Oregon Gov. Kate Brown now says she supports moving forward with a plan that would expand Interstate 5 through Portland’s Rose Quarter while spending more than $1 billion to build a robust “cap” over the freeway to rebuild a community torn apart by its initial construction.
Speaking before a meeting of stakeholder and advisory groups convened by the Oregon Department of Transportation, Brown also confirmed on Tuesday she hoped to relocate a middle school perched on the highway’s fringes. Such a move could grant additional space for the expansion process, and address concerns about poor air quality impacting students.
“Over the past few weeks I’ve hosted conversations with some key government and community stakeholders,” Brown said in a brief appearance before the committees. “I began those conversations because I wanted to ensure that this project is part of addressing and not repeating the historic wrongs caused by the displacement of countless Black families, and the resulting generational damage that occurred. And I also did it because I truly believe that there was a win-win opportunity ... .”
The plan Brown landed on, known as “hybrid 3” is an attempt to address the many competing priorities different groups have brought to the controversial highway expansion project.
Business leaders and state transportation officials have said for years that an existing bottleneck on the highway creates harmful delays and poses a risk for crashes that repeatedly snarl traffic. Members of Portland’s Black community have forcefully argued any project needs to include a strong highway cap that will allow for development in a historically African American neighborhood destroyed by the construction of I-5. And climate and transportation activists say the entire premise of increasing highway throughput is wrongheaded at a time when the impacts of climate change are being felt more acutely than ever.
While the precise details of the approach must still be hammered out, a summary of the “hybrid 3” approach includes calls for a highway cover estimated to cost between $1.1 billion and $1.16 billion — the vast majority of the project’s total cost. Those caps could accommodate three-story buildings, ODOT says. Previous iterations of the highway project had included two unconnected covers, with limited opportunity for building.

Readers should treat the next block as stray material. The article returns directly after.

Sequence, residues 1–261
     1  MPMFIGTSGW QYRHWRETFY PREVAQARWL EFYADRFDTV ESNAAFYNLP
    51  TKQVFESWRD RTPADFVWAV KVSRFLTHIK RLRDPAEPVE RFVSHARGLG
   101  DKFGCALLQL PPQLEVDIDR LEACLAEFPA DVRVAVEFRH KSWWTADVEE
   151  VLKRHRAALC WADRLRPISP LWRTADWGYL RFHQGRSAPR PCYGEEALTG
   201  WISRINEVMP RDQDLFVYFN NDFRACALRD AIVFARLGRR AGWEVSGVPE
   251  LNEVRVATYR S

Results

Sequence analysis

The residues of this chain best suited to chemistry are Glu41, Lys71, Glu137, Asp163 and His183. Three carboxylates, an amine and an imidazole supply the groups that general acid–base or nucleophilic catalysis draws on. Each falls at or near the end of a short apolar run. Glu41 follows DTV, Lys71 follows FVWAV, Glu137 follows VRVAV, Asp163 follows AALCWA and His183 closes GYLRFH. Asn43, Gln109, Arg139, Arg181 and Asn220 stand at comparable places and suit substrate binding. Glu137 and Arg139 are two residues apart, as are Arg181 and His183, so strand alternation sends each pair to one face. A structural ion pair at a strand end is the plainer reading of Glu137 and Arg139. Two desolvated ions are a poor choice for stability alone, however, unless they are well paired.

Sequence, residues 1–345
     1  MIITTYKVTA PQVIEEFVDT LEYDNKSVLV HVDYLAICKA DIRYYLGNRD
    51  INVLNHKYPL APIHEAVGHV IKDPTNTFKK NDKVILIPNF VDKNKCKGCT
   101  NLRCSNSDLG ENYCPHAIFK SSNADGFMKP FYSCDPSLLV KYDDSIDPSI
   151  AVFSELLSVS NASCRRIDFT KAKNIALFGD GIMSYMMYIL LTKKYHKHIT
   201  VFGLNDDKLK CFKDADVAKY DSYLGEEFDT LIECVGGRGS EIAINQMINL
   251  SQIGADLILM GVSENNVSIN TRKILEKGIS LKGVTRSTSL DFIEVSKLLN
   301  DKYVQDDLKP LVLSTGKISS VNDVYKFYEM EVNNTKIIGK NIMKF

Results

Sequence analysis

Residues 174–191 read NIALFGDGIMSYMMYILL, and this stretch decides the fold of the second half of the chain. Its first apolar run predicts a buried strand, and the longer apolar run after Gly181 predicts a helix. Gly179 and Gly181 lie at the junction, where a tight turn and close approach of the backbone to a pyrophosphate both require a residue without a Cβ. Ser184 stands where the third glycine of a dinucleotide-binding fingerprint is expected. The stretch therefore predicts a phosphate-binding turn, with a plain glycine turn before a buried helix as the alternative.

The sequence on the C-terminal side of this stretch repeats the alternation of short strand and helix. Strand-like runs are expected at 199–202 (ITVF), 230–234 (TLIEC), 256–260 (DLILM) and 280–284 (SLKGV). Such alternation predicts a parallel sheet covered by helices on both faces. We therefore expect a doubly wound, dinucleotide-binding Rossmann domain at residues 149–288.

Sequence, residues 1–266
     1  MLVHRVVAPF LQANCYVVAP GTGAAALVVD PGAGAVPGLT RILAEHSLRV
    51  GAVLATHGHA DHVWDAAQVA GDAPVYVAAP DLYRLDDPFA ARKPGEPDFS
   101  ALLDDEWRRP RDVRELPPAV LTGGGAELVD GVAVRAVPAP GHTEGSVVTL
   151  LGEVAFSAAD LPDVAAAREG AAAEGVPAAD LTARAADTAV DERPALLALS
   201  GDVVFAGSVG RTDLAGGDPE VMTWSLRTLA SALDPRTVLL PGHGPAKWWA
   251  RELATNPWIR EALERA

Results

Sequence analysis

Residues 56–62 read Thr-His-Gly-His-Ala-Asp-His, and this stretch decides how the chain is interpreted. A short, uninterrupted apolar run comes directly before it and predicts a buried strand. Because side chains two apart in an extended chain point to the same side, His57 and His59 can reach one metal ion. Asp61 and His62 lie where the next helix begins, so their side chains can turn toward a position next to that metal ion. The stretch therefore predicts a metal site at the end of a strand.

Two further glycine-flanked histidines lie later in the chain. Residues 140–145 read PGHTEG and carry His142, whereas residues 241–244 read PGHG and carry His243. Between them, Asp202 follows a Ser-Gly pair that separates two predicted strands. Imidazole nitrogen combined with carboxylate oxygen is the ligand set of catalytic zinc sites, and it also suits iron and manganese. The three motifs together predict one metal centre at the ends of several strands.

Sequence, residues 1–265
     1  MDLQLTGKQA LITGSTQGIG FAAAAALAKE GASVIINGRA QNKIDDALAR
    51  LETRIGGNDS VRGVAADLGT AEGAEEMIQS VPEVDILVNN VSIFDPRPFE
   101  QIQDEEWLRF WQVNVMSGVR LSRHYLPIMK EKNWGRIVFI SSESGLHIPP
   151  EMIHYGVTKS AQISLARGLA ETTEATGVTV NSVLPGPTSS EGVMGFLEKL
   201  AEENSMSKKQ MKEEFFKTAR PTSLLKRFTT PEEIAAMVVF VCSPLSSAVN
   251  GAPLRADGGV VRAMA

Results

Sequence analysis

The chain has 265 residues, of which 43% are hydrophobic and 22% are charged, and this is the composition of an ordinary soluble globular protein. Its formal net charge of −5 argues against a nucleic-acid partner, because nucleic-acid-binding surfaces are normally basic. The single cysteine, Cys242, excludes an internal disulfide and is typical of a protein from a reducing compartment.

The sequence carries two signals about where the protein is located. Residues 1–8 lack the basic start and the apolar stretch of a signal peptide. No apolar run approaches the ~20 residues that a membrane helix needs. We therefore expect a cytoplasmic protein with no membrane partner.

The new proposal also calls for more narrow inside shoulders on I-5, and a number of other alterations to surface street traffic patterns from past proposals. In all, the changes could delay the project for a year, ODOT says. The agency’s overview of the plan suggests construction could begin in late 2023.
Brown told committee members on Tuesday that the project represented a “historic opportunity” to access federal funds “for a Rose Quarter project that can serve as a national model for restorative justice, sustainable transportation, and of course job creation.” She added: “I absolutely believe hybrid 3 represents the compromise we’ve all been looking for.”
The ultimate decisions, she suggested, would be led by Portland community members and the city.
Brown also confirmed on Tuesday she’d been in talks about moving Harriet Tubman Middle School, whose proximity to the interstate has been held up by opponents as a reason the expansion project should not move forward. Last week, Portland school board members approved a resolution calling on the state to pay to build a new middle school.
Brown said she “strongly” supports moving the school “to protect the exposure of our students to poor air quality.” Willamette Week first reported the governor’s support of that idea.
Exactly how Brown’s newly announced support will play with interested parties is unclear. In a meeting following Brown’s remarks, some committee members voiced concerns about the potential tradeoffs of the approach, and other community leaders have repeatedly raised concerns about the state’s process.
“It sounds like we’ve made a decision to go with hybrid 3,” said Joe McFerrin, a member of the Community Oversight Advisory Committee convened by ODOT to provide input on the project. “I just want a sense of where we are with the decision-making process.”
Others were less cautious, embracing Brown’s involvement as a watershed development that could help talks proceed.
“It’s like splitting the baby,” said James Posey, another COAC member. “It’s a good thing to see people really put aside some of their individual interests and come together.”